Fire Extinguisher Colours
Six classes of fire exist today, and to make this easy a chart was created in order to tell the difference between each. The chart uses fire extinguisher colours, and for each class of fire, different types of fire extinguishers are required to combat them. Fire extinguishers are colour coded to differentiate them from each other. It is absolutely vital that the correct fire extinguisher is used for each type of fire. This guide will go over the different types of UK fire extinguisher colours and uses for each of them. Knowing the fire extinguisher colours and how to correctly use them is an important aspect of fire safety.
The Five Types of Fire Extinguishers
There are five main kinds of fire extinguishers in the UK: water, dry powder, foam, carbon dioxide (CO2), and wet chemical. For the fire extinguisher types, colours are designated to each one depending on its purpose.
Red is for water extinguishers (there are two types of water fire extinguishers: water mist and water spray). Blue is for dry powder extinguishers. Cream is for the foam fire extinguisher. Black is for the carbon dioxide extinguisher. Yellow is for the wet chemical fire extinguisher. As implied by their different materials, each fire extinguisher has a different purpose. For example, foam extinguishers are best used for organic solid or flammable liquid fires.
The colour-coded system makes it easy for ordinary people to use the right type of fire extinguisher on the right type of fire.
Each type of fire extinguisher serves a different purpose. Today, all fire extinguishers have red or chrome bodies. To differentiate between types of fire extinguisher, colour codes are displayed on a band near the top of the extinguisher. Until 1997, certain types of fire extinguisher were identified with the colour of the body.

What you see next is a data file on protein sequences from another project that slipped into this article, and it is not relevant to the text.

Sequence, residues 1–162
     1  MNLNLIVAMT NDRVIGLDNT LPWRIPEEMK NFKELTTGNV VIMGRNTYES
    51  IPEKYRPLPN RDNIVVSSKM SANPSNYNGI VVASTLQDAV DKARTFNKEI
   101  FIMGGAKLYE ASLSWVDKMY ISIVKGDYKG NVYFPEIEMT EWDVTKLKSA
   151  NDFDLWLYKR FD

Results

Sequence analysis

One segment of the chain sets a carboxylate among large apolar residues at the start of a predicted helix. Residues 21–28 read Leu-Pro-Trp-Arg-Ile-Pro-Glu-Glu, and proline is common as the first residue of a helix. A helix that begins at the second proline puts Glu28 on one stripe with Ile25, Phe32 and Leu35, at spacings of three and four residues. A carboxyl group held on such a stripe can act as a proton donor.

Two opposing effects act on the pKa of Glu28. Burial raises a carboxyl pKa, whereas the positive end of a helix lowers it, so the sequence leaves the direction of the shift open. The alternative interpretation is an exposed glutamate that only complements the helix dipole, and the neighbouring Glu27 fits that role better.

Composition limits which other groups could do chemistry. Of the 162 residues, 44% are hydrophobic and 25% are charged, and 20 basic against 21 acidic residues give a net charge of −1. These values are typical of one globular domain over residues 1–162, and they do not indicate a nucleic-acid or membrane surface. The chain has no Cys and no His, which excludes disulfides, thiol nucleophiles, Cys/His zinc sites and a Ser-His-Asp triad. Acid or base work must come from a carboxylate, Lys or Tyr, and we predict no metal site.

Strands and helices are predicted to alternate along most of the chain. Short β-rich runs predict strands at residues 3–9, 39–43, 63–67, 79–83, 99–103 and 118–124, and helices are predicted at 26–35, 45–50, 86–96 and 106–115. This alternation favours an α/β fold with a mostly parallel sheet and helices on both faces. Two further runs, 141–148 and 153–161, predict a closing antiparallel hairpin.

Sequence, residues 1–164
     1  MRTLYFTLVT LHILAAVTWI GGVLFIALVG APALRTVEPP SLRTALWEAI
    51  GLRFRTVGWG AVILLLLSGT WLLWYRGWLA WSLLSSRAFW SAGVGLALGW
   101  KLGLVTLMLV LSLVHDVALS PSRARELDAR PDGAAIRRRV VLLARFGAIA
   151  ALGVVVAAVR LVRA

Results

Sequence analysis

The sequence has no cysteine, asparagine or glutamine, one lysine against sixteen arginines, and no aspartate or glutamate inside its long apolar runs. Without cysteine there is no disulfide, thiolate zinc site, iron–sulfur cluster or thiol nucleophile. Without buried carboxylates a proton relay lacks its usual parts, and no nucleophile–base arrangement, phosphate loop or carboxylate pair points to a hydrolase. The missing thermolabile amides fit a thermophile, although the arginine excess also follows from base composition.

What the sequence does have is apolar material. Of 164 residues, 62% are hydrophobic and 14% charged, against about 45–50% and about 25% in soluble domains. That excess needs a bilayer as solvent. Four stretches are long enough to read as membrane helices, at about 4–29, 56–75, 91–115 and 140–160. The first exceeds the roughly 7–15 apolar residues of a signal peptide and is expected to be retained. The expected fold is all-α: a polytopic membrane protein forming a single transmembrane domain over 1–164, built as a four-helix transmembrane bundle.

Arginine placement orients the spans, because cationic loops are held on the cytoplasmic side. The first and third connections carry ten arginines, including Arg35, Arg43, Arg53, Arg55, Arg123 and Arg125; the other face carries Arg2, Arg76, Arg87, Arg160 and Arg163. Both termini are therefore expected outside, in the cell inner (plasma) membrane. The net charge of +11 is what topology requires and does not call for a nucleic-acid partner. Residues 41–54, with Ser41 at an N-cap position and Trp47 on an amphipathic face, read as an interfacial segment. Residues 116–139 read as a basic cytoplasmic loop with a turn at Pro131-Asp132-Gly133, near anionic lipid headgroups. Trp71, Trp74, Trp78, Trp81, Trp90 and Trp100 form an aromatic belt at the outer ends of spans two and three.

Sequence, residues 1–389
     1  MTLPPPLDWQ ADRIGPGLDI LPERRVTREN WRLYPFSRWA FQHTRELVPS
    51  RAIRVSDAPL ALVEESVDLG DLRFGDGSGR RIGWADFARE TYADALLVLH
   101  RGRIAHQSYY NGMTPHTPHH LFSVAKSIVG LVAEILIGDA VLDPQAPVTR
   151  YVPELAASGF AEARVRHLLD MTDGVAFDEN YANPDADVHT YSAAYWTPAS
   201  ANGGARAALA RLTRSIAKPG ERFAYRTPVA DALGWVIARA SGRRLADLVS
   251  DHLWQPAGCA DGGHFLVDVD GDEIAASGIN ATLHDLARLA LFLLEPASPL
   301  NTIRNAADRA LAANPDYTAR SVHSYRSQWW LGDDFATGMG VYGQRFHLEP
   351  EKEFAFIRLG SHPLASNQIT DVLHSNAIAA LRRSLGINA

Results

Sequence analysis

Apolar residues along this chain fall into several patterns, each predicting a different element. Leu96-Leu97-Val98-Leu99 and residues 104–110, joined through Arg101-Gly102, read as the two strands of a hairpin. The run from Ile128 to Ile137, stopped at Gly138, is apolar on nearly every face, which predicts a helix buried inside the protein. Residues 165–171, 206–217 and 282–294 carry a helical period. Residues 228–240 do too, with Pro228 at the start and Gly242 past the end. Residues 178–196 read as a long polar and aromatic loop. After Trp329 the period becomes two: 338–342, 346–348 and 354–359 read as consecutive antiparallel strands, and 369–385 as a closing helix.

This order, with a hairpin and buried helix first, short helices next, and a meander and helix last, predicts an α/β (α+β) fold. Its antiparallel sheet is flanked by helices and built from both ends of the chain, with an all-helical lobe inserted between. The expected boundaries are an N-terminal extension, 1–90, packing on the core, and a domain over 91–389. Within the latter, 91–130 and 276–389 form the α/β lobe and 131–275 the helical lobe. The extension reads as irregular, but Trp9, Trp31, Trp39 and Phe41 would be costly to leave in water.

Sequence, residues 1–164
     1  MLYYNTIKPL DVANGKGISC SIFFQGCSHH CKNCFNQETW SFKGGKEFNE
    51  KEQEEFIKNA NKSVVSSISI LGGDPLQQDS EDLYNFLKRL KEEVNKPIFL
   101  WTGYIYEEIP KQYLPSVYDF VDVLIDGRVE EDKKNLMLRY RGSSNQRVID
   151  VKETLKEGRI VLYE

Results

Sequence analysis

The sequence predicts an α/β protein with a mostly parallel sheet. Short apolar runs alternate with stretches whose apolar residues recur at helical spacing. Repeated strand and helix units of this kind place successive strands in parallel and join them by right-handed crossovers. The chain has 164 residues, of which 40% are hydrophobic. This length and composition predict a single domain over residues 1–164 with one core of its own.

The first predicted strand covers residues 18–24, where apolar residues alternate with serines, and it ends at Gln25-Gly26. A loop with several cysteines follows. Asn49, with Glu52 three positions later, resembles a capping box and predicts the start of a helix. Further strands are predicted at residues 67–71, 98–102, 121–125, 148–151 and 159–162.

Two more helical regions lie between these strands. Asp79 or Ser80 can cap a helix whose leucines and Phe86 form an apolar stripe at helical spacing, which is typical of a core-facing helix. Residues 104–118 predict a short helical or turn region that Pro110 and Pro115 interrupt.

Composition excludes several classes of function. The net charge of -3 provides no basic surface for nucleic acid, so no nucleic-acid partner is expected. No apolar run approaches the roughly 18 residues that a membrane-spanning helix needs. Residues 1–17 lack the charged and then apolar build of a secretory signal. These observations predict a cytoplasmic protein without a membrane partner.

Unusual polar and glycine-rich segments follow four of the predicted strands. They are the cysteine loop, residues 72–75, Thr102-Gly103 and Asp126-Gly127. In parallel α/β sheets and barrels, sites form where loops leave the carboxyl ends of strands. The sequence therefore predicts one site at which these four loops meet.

For example, wet chemical extinguishers were completely yellow. This changed with the British Standard and European Standard BS EN3, which decided that the body of the fire extinguisher for all types should be red to make them easier to identify in a dark or smoky environment. However, the colour codes are still easily visible to fire extinguisher users when under the pressure of deciding which type of extinguisher to use on a fire.
Classes of Fires
Each fire extinguisher is colour-coded to extinguish different classes of fire. Different types of fires are as follows: Classes A, B, C, D, F, and electrical fires. Each class refers to a different flammable material.
For class A fires, red water, blue dry powder, cream foam, or yellow wet chemical fire extinguishers should be used, depending upon what is on fire. Class A fires refer to fires involving organic solids like paper, straw, and plastics. For class B fires, blue dry powder, cream foam, or black CO2 extinguishers should be used. Class B fires refer to fires involving class B flammable liquid and electrical fires.
For class C fires, blue, dry powder extinguishers should be used. Class C fires refer to fires involving organic solids and flammable liquid, like petrol and methane. For class D fires, blue, dry powder extinguishers should be used. Class D fires refer to fires involving organic solids and flammable liquid. Dry powder extinguishers should not be used on electrical equipment fires over 1,000 volts.
For class F fires, yellow, wet chemical extinguishers should be used. Class F fires refer to fires caused by cooking oils and fats. Many types of fires can be put out with different fire extinguishers. Depending on the class of fire and what exactly is on fire (flammable gases, flammable liquids, kitchen fires, wood paper, cooking oil, liquids, deep fat, paper wood, or general combustible materials), you can look at the fire extinguisher label colours to determine which fire extinguisher colour to use.
What type of extinguisher you use depends on the class of fire and the fire risk associated with the situation. It’s important to know the fire extinguishers’ colours and what they mean when learning fire safety. Each different fire extinguisher has a different purpose. For fire extinguishers registered in England and Wales, you can expect to follow the colour guide detailed above. Once you memorize the classes of fire as well as the appropriate colour of fire extinguisher to match, you’ll be one step closer to safety if you encounter a fire.